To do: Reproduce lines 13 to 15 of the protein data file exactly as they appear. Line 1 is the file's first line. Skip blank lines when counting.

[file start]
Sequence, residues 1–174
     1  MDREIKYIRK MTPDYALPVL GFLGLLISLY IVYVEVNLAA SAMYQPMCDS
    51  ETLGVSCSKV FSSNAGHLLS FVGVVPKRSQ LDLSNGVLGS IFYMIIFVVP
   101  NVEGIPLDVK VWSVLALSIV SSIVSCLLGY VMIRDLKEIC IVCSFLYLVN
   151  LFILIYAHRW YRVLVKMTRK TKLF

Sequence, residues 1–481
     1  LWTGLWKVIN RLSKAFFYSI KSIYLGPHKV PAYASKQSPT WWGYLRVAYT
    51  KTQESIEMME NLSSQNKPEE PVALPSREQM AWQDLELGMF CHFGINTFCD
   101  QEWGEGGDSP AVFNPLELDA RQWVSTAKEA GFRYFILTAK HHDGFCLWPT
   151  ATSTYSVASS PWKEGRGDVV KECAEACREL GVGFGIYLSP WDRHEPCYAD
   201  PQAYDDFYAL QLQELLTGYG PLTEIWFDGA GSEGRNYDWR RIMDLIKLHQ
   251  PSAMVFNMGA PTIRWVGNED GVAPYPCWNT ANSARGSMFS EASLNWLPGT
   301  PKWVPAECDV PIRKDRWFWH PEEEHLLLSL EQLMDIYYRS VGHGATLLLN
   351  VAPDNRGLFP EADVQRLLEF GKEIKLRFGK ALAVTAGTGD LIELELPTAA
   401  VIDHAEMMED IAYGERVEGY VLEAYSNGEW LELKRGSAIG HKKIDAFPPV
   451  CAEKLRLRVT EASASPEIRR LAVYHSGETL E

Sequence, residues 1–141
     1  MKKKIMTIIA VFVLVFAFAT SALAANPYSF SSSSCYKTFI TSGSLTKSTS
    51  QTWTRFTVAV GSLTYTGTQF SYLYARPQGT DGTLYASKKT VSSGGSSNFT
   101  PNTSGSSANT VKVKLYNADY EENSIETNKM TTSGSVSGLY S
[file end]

   301  PKWVPAECDV PIRKDRWFWH PEEEHLLLSL EQLMDIYYRS VGHGATLLLN
   351  VAPDNRGLFP EADVQRLLEF GKEIKLRFGK ALAVTAGTGD LIELELPTAA
   401  VIDHAEMMED IAYGERVEGY VLEAYSNGEW LELKRGSAIG HKKIDAFPPV